Interpretive/Nature Trails

Commentary: More tales of humans behaving badly in the outdoors


Last month, I visited Yellowstone National Park, and several of the 10,000 geothermal features — geysers, hot springs, mudpots and steam vents — for which it is world-famous.

One of them in particular, the Grand Prismatic Spring, is especially enchanting. It takes its name from the palette of vivid colors — shades of blue, green, orange and yellow — in the pool and on its periphery. The temperature of the water emerging from deep within the earth and flowing over the brim is nearly 190 degrees. I could feel its warmth from a distance while walking on a boardwalk that makes it possible for park visitors to view features like these safely.

I was never remotely tempted to violate the posted rules to remain on the boardwalk and stay off the thermal ground. Truly, it never would have occurred to me to venture out there.

Two weeks earlier,  though, another Yellowstone visitor in a very similar area had a different idea. A 26-year-old woman from New Hartford, Conn., Madeline Casey, decided to go for a walk on the thermal ground at nearby Norris Geyser Basin. She was unhurt, but she did pay a price. A Wyoming judge sentenced her to seven days in jail. She also had to pay a $1,000 fine and make a $1,000 donation to a Yellowstone resource fund.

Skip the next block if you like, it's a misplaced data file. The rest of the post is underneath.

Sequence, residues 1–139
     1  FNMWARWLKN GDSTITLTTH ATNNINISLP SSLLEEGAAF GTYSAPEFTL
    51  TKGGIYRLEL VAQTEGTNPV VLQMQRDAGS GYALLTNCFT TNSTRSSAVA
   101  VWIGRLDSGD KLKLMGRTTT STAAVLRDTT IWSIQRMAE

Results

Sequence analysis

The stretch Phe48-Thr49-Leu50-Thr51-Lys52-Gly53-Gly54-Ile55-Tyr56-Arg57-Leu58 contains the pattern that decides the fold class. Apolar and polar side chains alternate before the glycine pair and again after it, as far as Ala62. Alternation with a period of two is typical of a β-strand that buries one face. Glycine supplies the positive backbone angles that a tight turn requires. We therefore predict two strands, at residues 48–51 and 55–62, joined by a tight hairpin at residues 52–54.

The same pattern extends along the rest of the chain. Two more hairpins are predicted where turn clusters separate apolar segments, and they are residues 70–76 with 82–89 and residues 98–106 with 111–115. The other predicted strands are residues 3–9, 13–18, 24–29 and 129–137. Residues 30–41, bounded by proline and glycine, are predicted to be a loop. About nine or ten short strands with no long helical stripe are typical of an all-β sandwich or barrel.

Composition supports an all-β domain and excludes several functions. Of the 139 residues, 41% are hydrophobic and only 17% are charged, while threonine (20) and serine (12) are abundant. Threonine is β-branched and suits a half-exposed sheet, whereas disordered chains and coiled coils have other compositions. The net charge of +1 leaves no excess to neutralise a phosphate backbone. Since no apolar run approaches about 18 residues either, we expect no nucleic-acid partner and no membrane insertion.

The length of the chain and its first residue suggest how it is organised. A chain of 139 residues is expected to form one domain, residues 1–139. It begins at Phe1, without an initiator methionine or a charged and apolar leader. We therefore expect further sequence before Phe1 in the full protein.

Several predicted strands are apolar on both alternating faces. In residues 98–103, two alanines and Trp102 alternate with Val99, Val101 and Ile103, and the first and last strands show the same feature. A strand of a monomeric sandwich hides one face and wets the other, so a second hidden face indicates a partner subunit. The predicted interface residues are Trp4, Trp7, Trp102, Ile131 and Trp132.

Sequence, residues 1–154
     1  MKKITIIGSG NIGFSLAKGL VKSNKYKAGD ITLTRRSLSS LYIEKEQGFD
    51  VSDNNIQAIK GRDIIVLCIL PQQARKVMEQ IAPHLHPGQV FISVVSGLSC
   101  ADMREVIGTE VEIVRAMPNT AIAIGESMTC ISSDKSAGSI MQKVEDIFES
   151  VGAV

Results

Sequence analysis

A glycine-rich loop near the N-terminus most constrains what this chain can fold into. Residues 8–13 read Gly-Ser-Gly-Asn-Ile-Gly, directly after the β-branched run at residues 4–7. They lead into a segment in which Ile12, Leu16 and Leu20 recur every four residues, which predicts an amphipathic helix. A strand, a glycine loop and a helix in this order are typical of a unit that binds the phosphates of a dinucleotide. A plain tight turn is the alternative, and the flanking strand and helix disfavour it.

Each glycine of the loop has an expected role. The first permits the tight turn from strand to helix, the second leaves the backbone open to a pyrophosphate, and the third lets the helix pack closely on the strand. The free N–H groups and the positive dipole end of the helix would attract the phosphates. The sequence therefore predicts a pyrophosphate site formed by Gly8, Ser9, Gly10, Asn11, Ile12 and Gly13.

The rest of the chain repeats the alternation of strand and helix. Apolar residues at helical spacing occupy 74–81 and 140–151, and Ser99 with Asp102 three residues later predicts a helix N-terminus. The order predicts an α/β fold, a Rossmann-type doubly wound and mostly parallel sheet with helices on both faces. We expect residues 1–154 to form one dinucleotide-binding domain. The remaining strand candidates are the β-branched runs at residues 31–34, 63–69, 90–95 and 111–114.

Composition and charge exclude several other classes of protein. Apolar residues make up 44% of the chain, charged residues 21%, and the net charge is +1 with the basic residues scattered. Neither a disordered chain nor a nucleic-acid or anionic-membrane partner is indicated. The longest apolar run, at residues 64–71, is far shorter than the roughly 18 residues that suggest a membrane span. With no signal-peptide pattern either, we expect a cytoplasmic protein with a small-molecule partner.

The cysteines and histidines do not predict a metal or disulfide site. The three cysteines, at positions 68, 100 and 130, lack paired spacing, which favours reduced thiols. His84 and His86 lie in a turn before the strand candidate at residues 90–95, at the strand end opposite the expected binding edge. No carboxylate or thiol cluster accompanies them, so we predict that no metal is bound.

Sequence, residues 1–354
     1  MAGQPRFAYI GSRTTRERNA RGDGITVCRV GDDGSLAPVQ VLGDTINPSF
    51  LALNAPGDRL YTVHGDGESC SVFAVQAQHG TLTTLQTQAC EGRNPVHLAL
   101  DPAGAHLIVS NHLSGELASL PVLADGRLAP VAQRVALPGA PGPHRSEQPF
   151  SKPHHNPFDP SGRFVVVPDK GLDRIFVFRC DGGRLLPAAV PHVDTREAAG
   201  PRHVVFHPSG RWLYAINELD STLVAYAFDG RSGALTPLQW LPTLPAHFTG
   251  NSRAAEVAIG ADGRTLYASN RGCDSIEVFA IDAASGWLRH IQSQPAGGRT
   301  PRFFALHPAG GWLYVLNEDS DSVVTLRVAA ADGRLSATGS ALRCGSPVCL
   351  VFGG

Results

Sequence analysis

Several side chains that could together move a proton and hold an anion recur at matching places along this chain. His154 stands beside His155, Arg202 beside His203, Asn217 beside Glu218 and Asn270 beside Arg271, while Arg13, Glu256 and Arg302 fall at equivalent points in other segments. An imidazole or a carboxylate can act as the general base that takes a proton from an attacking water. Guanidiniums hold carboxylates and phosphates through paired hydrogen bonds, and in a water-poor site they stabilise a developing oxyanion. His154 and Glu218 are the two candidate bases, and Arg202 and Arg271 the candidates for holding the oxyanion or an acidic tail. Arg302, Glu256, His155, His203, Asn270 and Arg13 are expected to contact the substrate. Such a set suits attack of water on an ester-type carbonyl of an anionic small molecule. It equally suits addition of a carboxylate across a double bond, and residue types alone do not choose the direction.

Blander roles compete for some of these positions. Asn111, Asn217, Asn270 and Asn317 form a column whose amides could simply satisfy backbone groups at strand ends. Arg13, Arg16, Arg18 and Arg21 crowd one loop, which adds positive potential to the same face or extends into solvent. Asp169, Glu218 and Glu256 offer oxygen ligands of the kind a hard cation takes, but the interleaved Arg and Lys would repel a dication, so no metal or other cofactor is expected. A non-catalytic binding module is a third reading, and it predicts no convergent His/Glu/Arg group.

“For those who lack a natural ability to appreciate the dangerousness of crusty and unstable ground, boiling water and scalding mud, the National Park Service does a darn good job of warning them to stay on the boardwalk and trail in thermal areas,” acting U.S. Attorney Bob Murray said in a statement after the verdict. “Yet there will always be those like Ms. Casey who don’t get it. Although a criminal prosecution and jail time may seem harsh, it’s better than spending time in a hospital’s burn unit.”

John Meyer, The Denver Post

The Grand Prismatic Spring, Yellowstone National Park

That’s merely the latest example of humans behaving badly in nature, a trend that intensified during the pandemic as more Coloradans recreated on public lands. Yellowstone saw it, too. Park officials recorded 122 cases of “thermal trespass” in 2020, three times the annual average over the previous five years.


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